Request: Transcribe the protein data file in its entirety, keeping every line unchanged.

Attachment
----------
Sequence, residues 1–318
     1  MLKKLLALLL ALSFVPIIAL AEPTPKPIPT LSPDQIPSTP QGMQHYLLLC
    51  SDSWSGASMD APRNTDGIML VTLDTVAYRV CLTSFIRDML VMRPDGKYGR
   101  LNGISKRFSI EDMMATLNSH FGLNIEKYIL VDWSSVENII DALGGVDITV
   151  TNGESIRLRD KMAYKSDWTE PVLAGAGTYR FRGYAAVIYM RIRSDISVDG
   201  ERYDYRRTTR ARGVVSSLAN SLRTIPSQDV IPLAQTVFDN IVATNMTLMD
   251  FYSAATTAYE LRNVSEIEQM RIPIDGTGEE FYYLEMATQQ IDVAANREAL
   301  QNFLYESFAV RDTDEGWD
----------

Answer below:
Sequence, residues 1–318
     1  MLKKLLALLL ALSFVPIIAL AEPTPKPIPT LSPDQIPSTP QGMQHYLLLC
    51  SDSWSGASMD APRNTDGIML VTLDTVAYRV CLTSFIRDML VMRPDGKYGR
   101  LNGISKRFSI EDMMATLNSH FGLNIEKYIL VDWSSVENII DALGGVDITV
   151  TNGESIRLRD KMAYKSDWTE PVLAGAGTYR FRGYAAVIYM RIRSDISVDG
   201  ERYDYRRTTR ARGVVSSLAN SLRTIPSQDV IPLAQTVFDN IVATNMTLMD
   251  FYSAATTAYE LRNVSEIEQM RIPIDGTGEE FYYLEMATQQ IDVAANREAL
   301  QNFLYESFAV RDTDEGWD